Overall, Upgrade Your Own PC is a useful reference for maintaining your PC. Besides tackling upgrades, it could help with upkeep of your machine.
Sandler's overview of PC lifecycles is clear, albeit brief, breaking down "PC progress" into three classes of change: compatible progress, incompatible progress and progress by modification. There are examples, but not much advice on how to apply these concepts to deciding where an upgrade makes sense.
The book tackles the main upgrade tasks, including such projects as installing a faster hard drive, installing a CD-RW, updating a PC to add USB ports, installing a new graphics card and installing a new microprocessor.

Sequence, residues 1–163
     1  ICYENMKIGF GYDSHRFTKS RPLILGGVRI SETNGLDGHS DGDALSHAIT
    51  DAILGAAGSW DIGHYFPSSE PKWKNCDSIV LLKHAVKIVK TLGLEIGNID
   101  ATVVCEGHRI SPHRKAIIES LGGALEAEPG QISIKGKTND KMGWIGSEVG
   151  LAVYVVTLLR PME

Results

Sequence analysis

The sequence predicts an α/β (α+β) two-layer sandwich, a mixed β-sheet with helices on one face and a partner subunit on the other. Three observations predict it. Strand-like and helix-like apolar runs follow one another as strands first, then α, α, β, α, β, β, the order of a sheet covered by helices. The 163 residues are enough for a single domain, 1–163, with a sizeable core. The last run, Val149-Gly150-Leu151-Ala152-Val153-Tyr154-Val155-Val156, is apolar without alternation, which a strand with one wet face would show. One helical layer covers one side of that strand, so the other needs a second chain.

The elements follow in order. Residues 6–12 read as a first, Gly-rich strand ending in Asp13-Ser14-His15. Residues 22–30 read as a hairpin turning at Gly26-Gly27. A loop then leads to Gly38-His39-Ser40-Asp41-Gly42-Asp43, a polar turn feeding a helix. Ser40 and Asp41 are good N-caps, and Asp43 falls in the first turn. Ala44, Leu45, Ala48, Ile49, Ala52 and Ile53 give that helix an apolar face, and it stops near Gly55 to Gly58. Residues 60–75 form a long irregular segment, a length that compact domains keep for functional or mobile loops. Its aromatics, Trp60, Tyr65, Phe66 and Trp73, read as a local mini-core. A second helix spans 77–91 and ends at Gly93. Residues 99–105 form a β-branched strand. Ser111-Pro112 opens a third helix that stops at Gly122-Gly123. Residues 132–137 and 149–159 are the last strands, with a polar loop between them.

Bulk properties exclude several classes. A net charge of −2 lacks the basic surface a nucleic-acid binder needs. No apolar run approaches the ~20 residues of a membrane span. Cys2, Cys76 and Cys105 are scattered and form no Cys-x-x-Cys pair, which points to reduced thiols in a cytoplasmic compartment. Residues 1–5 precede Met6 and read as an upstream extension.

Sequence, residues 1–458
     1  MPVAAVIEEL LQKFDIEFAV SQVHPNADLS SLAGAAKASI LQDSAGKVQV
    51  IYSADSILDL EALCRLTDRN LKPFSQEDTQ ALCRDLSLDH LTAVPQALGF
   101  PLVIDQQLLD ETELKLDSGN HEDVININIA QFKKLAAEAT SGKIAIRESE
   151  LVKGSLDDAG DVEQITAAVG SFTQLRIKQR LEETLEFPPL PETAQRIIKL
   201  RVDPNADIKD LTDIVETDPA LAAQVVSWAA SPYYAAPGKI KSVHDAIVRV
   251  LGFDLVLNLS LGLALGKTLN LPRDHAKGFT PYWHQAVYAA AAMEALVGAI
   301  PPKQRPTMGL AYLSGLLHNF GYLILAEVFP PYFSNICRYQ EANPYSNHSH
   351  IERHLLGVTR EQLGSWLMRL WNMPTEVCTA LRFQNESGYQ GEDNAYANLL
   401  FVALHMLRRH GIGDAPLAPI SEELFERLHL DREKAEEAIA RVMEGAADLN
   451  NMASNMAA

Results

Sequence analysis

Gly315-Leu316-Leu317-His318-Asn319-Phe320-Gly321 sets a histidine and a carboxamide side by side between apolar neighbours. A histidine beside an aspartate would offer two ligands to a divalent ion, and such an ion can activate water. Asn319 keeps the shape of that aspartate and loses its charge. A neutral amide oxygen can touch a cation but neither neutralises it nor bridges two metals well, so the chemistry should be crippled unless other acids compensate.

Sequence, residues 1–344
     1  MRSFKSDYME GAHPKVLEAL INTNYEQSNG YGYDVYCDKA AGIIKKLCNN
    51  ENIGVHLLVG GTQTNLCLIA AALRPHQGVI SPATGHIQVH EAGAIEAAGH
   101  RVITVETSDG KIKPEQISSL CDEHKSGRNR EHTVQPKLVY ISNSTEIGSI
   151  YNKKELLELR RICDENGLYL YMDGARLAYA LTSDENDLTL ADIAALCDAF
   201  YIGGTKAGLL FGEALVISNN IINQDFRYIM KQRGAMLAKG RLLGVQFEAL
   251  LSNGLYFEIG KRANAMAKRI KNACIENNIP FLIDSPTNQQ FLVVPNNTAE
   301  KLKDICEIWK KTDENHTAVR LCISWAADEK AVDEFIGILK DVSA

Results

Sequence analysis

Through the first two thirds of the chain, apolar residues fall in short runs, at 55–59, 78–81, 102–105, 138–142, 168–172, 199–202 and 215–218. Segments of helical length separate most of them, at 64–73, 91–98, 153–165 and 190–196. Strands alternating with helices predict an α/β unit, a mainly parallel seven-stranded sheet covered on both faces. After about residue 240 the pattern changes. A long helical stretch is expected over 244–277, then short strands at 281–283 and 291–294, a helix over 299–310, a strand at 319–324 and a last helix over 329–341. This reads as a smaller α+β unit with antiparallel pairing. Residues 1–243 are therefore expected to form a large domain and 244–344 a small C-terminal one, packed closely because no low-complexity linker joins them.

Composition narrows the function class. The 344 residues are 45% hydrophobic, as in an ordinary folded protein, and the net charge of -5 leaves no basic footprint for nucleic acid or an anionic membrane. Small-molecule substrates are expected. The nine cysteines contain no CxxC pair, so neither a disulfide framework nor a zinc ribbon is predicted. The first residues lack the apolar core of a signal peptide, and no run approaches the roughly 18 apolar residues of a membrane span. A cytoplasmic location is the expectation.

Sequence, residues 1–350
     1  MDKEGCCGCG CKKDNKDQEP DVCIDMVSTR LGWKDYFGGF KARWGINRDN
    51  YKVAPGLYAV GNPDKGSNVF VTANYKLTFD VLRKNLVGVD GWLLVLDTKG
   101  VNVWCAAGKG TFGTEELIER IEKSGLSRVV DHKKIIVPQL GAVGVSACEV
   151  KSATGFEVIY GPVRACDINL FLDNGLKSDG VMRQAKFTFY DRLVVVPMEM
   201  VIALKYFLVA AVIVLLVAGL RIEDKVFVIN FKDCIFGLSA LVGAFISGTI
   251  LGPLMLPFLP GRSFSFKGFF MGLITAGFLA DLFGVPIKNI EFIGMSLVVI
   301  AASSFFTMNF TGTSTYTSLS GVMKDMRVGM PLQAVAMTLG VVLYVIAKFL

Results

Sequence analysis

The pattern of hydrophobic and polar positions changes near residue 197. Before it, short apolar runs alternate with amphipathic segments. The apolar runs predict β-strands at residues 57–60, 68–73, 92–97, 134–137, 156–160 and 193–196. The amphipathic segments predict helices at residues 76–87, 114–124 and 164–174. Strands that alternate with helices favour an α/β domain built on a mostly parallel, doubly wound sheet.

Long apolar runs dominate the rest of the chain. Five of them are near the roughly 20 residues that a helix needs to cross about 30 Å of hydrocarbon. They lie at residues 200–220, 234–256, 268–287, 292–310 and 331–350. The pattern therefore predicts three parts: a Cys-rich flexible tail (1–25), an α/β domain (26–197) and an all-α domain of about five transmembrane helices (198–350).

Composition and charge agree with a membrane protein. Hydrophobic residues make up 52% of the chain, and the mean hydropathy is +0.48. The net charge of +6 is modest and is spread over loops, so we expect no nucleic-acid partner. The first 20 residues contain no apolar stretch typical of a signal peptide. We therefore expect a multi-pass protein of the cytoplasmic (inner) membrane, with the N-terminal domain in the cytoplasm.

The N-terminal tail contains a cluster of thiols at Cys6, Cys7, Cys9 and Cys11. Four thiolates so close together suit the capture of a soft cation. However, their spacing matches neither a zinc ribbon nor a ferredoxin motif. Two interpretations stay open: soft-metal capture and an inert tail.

The projects are designed for PCs based on Intel's Pentium II, Pentium III, Celeron and AMD's Athlon, K6-III or K6-2. Sandler suggests that some tasks, like installing more memory or a larger hard drive, can also be undertaken on older machines based on 486 CPUs. There are also tips for older machines, such as building up a collection of external devices that can be transferred to a newer machine later.
The book usefully looks at PC basics and running an inventory to determine if an upgrade makes sense. The following chapters then concentrate on each project. There are also lots of photos, so you can see what needs to be done.